Despite the hullabaloo, says the 33-year-old Chennai-based director, Sengadal is a film that was waiting to be shot. Manimekalai moved to Dhanushkodi with her camera and a small crew in February 2009, when the civil war in Sri Lanka was in its last stages. For the next four months, she shouldered the dual responsibility of directing the feature film as well as acting in it. “We adopted a participatory process during the making. The community was very involved. Several residents of Dhanushkodi also played out characters akin to their real life,” she says.
It was not easy initially to win their trust, but her frequent visits to the area slowly dissolved their reluctance. “The villagers became my extended family, helping me to get into the inner space of the community. I stayed and ate with them,” she says. Even when she overstayed beyond the permissible hour of 6 pm as decreed by the local naval post, they took care to hide her. “If a naval helicopter came out for surveillance when we were taking a boat ride, something we were not allowed to do, the fishermen quickly hid us under the deck,” she recollects. Thanks to such cooperation, she was able to shoot the film despite the constant vigil of coastal and navy personnel.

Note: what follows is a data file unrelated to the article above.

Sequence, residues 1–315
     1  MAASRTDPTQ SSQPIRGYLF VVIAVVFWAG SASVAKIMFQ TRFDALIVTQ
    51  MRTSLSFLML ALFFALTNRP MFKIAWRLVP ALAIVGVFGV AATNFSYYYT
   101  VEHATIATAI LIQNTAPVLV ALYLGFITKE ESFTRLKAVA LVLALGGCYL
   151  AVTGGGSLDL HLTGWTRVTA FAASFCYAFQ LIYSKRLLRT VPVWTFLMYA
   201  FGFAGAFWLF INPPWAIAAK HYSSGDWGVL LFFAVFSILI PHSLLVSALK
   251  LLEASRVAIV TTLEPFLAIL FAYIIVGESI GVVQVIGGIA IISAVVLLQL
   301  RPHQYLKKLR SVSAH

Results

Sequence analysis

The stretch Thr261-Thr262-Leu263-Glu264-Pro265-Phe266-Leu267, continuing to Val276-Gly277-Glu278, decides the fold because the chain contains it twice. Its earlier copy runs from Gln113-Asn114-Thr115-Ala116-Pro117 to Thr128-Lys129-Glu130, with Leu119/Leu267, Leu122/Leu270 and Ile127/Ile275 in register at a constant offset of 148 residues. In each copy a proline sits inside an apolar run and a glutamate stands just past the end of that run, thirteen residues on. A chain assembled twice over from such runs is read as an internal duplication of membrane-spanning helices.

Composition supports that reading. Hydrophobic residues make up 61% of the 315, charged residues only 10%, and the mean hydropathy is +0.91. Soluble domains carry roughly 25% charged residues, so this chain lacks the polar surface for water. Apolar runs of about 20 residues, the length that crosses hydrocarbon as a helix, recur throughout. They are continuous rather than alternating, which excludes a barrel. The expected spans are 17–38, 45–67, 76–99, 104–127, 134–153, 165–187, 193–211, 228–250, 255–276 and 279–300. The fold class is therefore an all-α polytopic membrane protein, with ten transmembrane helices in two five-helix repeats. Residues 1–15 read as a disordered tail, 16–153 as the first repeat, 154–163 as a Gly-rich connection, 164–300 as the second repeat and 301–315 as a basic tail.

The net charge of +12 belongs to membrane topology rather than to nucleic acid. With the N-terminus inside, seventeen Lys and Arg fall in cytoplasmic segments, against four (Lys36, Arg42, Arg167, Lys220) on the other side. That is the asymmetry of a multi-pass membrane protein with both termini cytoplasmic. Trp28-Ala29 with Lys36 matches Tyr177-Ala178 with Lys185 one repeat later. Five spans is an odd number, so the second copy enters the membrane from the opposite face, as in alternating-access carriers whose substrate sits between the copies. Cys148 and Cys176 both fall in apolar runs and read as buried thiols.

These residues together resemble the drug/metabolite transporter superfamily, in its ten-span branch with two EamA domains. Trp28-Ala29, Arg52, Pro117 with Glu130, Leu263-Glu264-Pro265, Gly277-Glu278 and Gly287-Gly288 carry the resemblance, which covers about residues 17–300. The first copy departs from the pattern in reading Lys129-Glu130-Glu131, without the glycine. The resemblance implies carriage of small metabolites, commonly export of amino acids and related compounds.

Training the villagers and making them act in this documentary-like feature was another challenge altogether. The director had no pre-determined narrative for the film. Initially, she worked without a script, accumulating the footage of the members of Dhanushkodi community talking about their perilous existence. “After I collected the raw material, I collaborated with writers C Jerrold and Shobasakhti to give it a formal structure,” she says. The film opens with Dhanushkodi waking up to two bodies washed ashore. This triggers a protest at the collector's office, demanding justice. “This incident had taken place in the 70s. But we chose to incorporate that in our narrative.” Manimekalai has taken similar creative liberties of blending fact and fiction. For instance, the character of a half-wit Lankan refugee Suri, who is glued to a radio, is inspired by the story of a refugee who led a similar life.
During the filming, Manimekalai became an integral part of the narrative. Along with the protagonists — Munusamy, the fisherman, and Rosemary, the fisherwoman who turns into a social worker after losing her husband in a Sri Lankan navy encounter, and Suri — she tries to make sense of the chaos and hardship prevailing in this tiny village. Their interactions with Lankan refugees, their skirmishes with the Indian and Sri Lankan officials and their personal lives overrun by external events, form the crux of this “factual feature”. As Manimekalai went about collecting information about life disrupted, a bigger story of political negligence emerged. However, what stood out was the community’s constant struggle to live and their ability to keep hope afloat.